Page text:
Dr. Anitza Freitez is Professor of Demography and Director of the Economic and Social Sciences Institute (IIES) at the Universidad Católica Andrés Bello (UCAB). Under her coordination, in 2012 the IIES-UCAB carried out a project called Monitor Electoral that provided expert and independent analysis of the electoral campaign. One of the most important documents produced by this project was a demographic analysis of the Electoral Register. Freitez and her colleagues recently revised and expanded that document. Their most important conclusion is that the Electoral Register is consistent and trustworthy. In January I had the chance to discuss her analysis with her.
Why do an analysis of the electoral register?
It is important that we have some idea of the consistency of the electoral register and its demographic composition, because the country has experienced a series of changes that have gone a bit unnoticed by the population. There is a perception out there that we are still predominantly a population of children, with more than half the population under 15 years of age. Many people think it is not possible that the population over age 18 has reached the volume that the electoral register is now showing. Therefore it’s important to show that the electoral register is experiencing growth because of changes in its gender and age composition, and that its volume reflects these changes, not because it includes people it shouldn’t. The ER may have other deficiencies, but its size reflects the evolution of the electoral population.
So you are saying that the electoral register is trustworthy?
Yes. Again, one of the criticisms made of the electoral register is its size. Some have said that in no country worldwide do we see the levels of inclusion of the Venezuelan register, of over 95%. But when one looks at other Latin American countries, one finds the example of Mexico, which has made an important effort to improve its electoral register in the last 15 years, and which by 2012 had an ER covering 96%. In the case of Costa Rica we see a register covering 95%. Peru is at the same level. Chile is another example we quote in our work, at the time of the plebiscite between democracy and the continuation of Pinochet, it had an electoral register covering 92%. In Venezuela among young people age 18-24 there is a growth of the registered population and this is in part due to the activities of political organizations that have promoted the registration of young people.
Right now the ER covers 98% of the voting age population. Does that rate control for discrepancies? For example, there are certain states where there are more people in the ER than the total of people of that age alive. Does that 98% control for that discrepancy or does the figure simply come from the total of the electoral register over the total of people of that age in the population?
At the state level we found that there were more people in the electoral register than the potential electoral population, so the electoral register effectively covered more that 100%. However, when evaluating the demographic consistency of the register at the level of states and municipalities, one also needs to evaluate population projections. The population projections for the most impoverished states often have higher levels of error, leading to an underestimation of the potential electoral population, which could be affecting the calculations of the rate of coverage. In addition, the poorest states also have problems purging the electoral register of deceased people.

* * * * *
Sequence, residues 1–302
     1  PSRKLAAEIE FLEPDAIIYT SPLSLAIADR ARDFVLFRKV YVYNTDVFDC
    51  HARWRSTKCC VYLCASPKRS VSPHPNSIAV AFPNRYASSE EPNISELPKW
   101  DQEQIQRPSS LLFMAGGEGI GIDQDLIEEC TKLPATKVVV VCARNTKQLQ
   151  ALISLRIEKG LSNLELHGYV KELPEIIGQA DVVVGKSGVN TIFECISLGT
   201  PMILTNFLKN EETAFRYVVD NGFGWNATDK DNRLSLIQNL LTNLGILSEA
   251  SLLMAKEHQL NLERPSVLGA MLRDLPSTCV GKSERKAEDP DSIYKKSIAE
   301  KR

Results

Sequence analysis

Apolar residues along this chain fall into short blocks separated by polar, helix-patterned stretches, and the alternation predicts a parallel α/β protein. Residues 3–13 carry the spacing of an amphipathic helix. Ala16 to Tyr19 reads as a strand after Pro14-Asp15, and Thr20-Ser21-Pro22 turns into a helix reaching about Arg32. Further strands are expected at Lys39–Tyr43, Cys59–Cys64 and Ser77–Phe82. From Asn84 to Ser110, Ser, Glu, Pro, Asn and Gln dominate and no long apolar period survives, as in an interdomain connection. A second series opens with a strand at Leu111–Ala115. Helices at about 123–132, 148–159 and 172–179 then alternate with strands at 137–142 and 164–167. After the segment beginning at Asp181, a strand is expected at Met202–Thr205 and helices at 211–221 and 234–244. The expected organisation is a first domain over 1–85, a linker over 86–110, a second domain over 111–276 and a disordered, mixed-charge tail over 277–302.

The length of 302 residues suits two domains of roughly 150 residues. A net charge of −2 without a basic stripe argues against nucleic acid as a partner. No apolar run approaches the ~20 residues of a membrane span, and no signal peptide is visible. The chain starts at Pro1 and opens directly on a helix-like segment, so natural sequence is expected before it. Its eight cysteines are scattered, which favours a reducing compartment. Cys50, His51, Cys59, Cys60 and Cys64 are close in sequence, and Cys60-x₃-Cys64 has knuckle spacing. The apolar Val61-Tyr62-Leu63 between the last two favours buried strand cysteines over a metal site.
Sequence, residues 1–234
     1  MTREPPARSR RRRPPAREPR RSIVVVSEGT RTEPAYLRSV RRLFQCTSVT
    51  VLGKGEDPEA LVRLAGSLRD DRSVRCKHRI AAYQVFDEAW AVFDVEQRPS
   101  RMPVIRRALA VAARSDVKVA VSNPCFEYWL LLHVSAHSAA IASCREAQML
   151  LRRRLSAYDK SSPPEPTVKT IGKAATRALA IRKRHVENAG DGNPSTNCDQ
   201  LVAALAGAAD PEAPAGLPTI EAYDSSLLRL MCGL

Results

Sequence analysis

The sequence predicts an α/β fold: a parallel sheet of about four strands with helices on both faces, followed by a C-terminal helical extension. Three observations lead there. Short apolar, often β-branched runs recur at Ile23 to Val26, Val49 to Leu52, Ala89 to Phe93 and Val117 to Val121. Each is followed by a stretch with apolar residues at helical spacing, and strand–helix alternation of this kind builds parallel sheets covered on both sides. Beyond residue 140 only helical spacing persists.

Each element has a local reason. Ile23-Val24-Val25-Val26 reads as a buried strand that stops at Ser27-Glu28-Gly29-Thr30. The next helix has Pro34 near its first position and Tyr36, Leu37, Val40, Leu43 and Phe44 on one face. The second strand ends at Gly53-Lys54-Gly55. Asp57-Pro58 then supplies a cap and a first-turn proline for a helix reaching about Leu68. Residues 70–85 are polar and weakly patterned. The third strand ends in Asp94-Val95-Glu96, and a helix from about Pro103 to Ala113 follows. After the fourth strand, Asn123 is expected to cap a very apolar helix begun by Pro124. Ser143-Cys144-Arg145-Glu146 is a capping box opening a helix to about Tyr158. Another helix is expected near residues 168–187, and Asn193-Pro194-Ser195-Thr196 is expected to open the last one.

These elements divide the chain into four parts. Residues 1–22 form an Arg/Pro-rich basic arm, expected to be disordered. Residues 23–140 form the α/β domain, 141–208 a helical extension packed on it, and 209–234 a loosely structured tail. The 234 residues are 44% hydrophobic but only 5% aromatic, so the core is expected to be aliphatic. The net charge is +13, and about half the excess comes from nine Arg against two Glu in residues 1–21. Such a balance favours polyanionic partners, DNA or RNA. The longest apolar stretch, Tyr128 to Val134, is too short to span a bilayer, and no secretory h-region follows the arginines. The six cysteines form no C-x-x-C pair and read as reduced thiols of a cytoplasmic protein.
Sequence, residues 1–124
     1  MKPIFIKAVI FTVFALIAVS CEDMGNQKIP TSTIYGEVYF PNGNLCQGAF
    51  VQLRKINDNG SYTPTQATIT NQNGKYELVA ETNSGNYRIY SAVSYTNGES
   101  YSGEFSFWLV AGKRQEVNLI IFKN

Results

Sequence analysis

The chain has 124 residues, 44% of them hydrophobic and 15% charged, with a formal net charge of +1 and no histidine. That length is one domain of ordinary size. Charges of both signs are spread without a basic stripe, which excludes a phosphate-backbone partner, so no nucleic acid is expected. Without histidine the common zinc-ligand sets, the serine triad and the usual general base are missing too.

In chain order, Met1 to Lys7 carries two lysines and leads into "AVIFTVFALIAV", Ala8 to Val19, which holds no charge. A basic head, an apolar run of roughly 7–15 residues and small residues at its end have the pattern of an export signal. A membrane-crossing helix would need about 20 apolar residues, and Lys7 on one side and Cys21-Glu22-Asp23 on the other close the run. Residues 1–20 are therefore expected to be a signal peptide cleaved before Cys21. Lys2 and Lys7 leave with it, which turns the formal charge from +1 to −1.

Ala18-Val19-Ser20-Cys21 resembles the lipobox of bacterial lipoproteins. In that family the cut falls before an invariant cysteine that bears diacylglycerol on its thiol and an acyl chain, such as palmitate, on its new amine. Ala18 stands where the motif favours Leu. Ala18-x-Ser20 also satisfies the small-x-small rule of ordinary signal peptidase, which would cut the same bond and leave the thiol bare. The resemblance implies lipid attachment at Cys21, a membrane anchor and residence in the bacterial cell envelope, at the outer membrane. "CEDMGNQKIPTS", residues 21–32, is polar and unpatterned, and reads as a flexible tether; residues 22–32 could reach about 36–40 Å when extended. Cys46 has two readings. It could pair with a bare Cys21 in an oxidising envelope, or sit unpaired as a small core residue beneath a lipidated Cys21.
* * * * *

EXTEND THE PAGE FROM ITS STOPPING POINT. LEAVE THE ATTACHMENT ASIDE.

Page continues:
Could we say that the figure of 98% is too generous? Perhaps it truly covers only 80%, but because it has not been purged it shows 98%.
According to our estimations the volume of deceased that have not been purged from the electoral register does not significantly affect the ER. The error does not reach even 1% of the ER.
A skeptic might point out that it is precisely the most populated states that have less coverage, while some of the least populated show over coverage, and then point to the fact the in the most populated states Chavez´s government has a support of 40 to 50%, while in the least populated states have a support of 60 to 70%. Is there something political in this or is it simply something about the quality of the information?
It’s an issue of the quality of information. We need more research on the impact of internal migrations. Look at the case of Monagas, for example, one of the entities that has an over coverage. This is a case where population projections do not reflect the real volume of the population because the migratory projections were wrong. Monagas was heavily impacted by oil investments in the ‘90s, and estimates did not account for the increase in migration this caused.
In other words the electoral register grows faster than the estimated population. Okay you have compared other Latin American countries. How does the current RE compare with the past? How does the electoral register compare now with the register in the 1990s?
In the 1990s we saw a decrease in the coverage, which was related to the lack of participation in the electoral events of that decade and the lack of enthusiasm and interest, especially among young people. The level of voter registration among the population between 18 and 24 years of age was very low and this had an impact on the overall coverage indicator. Again Venezuela was not an exception then. There is also the case of Chile, where you find today a concern for the aging of their electoral register because the young population is not showing interest in political participation and is not registering to vote.